January 25, 2012
Raytheon gears up for next NIE 12.2
An interesting entry on Shepard's Digital Battlespace reports that Raytheon is focused on proceeding a step further in demonstrating the capabilities of its Mobile Ad hoc Interoperability Network Gateway (MAINGATE) radio system.
According to Jeff Miller, director of Raytheon Network Centric Systems' Tactical Communication Systems, the system ‘outperformed competitors’ during the last NIE 12.1 and the last U.S. Army Expeditionary Warrior Experiment (AEWE). During the testing, MAINGATE simultaneously provided multiple channels of real-time video, situational awareness, chat and other applications.
Soldiers at the squad level reliably received multiple unmanned aerial vehicle video feeds and other high-bandwidth data services from the battalion to the tactical edge. MAINGATE provided needed capacity for reliable connectivity among cellular networks, hand-held radios and the Warfighter Information Network - Tactical (WIN-T) system. It also allowed soldiers to integrate information across battle command systems and sensors.
"During the entire AEWE event, Raytheon's network provided the Experimental Force soldiers with a very reliable high-speed backbone that did not require any soldier or field representative intervention," said Harry Lubin, chief of the Experimentation Branch at Fort Benning's Maneuver Battle Lab. "It just worked the whole time, allowing us to focus on the soldier technologies," he added.
Raytheon is doing its own testing to demonstrate 30-50 nodes and in turn a more robust network, and ‘one of the objectives for us in NIE 12.2 is to demonstrate up to 50 nodes operating together’, Miller said.
U.S. Defense Advanced Research Projects Agency (DARPA) contracted Raytheon in 2009 to build the MAINGATE, i.e. a new mobile network that both military and civilian organizations could use to communicate using any radio or wireless device. Since its beginning, the technology development for the MAINGATE program was expected to permit tactical, real-time, high-fidelity video, data, and voice services to support tactical operations in either maneuver or dismounted operations.
DARPA has two goals with the Maingate program: to demonstrate new technology and capabilities to the military and to create a means to integrate legacy equipment easily in operations. Because the services take as long as two decades to cycle through equipment, it is imperative for older radios to communicate with the network and with new systems such the Joint Tactical Radio System and the Warfighter Information System-Tactical. MAINGATE serves as a gateway to translate different radios’ signals into Internet protocol (IP) message packets, which will permit linking different systems together.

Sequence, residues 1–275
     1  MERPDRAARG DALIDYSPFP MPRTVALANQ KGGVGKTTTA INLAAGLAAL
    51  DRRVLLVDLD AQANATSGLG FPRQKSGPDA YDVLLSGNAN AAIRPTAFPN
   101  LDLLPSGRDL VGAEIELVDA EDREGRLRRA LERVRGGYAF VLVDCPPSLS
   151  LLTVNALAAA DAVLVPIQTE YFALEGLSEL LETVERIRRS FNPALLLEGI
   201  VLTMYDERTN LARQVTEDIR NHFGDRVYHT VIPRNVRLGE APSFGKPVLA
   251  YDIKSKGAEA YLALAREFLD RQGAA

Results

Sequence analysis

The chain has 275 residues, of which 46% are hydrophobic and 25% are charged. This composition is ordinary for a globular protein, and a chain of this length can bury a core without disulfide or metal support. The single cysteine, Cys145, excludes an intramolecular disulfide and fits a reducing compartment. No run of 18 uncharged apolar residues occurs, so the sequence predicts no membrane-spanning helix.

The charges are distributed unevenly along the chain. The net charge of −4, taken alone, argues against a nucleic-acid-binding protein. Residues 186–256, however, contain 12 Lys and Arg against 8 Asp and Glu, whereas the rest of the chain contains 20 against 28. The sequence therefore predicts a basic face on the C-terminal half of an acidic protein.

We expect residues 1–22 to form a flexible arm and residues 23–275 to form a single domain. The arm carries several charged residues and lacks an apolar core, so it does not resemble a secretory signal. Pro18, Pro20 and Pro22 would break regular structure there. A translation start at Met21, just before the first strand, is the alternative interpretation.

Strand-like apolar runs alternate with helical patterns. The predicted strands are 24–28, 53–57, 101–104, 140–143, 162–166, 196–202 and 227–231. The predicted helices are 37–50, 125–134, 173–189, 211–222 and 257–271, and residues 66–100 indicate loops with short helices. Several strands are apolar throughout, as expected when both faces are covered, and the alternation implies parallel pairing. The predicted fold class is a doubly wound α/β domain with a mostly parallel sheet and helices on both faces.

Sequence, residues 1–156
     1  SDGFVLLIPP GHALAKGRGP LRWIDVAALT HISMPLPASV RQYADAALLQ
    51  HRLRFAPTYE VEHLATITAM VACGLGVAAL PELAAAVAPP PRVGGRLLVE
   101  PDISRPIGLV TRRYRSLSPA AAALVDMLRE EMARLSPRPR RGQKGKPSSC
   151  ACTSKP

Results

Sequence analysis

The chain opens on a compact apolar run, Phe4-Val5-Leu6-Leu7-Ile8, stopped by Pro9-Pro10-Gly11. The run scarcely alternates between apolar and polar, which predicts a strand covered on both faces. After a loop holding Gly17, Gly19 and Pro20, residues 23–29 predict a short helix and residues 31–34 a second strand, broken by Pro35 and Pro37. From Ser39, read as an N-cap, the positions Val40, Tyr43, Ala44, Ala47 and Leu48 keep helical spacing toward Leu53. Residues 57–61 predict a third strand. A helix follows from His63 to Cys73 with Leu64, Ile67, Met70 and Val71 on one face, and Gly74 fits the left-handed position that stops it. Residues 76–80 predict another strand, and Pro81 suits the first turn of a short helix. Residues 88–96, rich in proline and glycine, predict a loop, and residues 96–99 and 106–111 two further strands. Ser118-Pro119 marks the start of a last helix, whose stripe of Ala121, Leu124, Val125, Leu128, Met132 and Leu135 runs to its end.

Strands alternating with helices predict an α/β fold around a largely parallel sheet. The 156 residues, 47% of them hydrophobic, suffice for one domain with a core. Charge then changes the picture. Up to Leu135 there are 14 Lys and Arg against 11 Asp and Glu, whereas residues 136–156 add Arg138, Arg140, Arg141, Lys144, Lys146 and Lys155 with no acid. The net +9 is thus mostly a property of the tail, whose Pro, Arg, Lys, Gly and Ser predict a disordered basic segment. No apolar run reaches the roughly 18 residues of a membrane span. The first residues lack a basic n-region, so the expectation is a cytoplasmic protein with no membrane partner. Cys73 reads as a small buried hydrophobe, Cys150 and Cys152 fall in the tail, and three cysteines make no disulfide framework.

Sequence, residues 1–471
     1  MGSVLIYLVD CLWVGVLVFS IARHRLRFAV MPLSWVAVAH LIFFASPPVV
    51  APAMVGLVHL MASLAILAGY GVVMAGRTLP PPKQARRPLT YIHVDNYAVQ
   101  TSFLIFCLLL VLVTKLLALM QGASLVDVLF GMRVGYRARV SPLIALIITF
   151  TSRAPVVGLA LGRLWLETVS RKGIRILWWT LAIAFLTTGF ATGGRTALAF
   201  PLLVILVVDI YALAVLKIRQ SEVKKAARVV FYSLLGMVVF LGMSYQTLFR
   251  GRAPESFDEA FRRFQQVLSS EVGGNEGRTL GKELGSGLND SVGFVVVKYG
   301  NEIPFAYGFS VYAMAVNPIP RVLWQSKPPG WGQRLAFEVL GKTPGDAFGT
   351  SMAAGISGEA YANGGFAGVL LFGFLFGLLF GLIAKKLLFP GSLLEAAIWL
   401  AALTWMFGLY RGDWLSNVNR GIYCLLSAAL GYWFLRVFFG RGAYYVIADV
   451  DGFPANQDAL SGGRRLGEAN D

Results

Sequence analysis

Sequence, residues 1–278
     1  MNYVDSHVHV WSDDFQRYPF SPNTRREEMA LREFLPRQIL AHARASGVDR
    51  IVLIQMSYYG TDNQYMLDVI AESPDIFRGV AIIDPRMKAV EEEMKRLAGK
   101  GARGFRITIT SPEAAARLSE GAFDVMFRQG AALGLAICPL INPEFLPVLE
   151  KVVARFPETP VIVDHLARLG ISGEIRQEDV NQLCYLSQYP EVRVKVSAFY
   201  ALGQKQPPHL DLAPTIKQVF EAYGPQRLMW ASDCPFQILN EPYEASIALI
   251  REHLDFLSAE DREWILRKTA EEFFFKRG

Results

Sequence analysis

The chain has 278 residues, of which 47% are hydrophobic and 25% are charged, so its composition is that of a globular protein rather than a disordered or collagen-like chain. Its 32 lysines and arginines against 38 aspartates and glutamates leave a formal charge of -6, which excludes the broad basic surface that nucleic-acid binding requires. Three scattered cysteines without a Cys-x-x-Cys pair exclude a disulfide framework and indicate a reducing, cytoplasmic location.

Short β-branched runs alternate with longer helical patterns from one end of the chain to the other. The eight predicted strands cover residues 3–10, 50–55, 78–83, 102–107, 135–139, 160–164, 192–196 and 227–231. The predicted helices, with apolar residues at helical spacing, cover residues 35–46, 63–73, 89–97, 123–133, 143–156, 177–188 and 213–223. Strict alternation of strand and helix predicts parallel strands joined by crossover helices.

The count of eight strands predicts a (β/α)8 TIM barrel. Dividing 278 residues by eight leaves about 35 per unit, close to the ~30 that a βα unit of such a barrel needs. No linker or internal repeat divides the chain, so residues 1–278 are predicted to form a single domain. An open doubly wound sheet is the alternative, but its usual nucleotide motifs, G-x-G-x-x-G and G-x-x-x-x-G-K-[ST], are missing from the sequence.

Raytheon conceived the MAINGATE as a connection point that allows users employing a heterogeneous set of radio technologies (both proprietary and non-proprietary) to communicate through an IP network. The Wireless IP-capable Network provides the high bandwidth connectivity among air and ground mobility platforms. The network includes the integration of adaptive communications architecture, flexible routing architecture, and heterogeneous application services. A unique characteristic of the MAINGATE program is the integration of a “default” IP radio network as part of the gateway.
Raytheon's MAINGATE is currently comprised of a high-throughput radio that uses the Next Generation Mobile Ad Hoc Networking Waveform and a gateway that enables seamless battlefield connectivity. The architecture of the MAINGATE system allows for many more users to join the network at the same time and it has been verified to enable more than 30 different military and civil radios to communicate with one another while concurrently providing a high-capacity, mobile network. The system has been successfully tested among a large number of low and high bandwidth users, including video, along with voice and data. MAINGATE was installed and tested in configurations using aerostats, unmanned aerial vehicles and Stryker vehicles, to provide networking among several tactical forces performing various simulated missions.
Today, MAINGATE is a mature, off-the-shelf system, with more than 100 units currently deployed in theater. As already discussed in this blog, SAIC was recently awarded a 8 M$ contract to further enhance the MAINGATE by providing the integration of content-based Mobile Edge Networking technology, that will result in the possibility to extend the MAINGATE functionalities to smart phones' ad-hoc networks.
Raytheon is defining, shaping and delivering battlefield networks through net-enabled combat, communications, and command and control systems. The company has demonstrated the power of the network at the tactical edge through cost-effective solutions at various Army exercises, most recently at the U.S. Army's Network Integration Evaluation.
The NIE process was born of the U.S. Army’s recognition that its requirements, testing and acquisition processes were too slow, expensive and complicated. Moreover, it did not include the operator’s perspective. The next event, known as NIE 12.2, will take place in the next spring and will further solidify the Capability Set 13 network.
Refences: Shepard (1), Raytheon (2,3), ReadWrite (4), DefenseIndustryDaily (5), SIGNAL (6)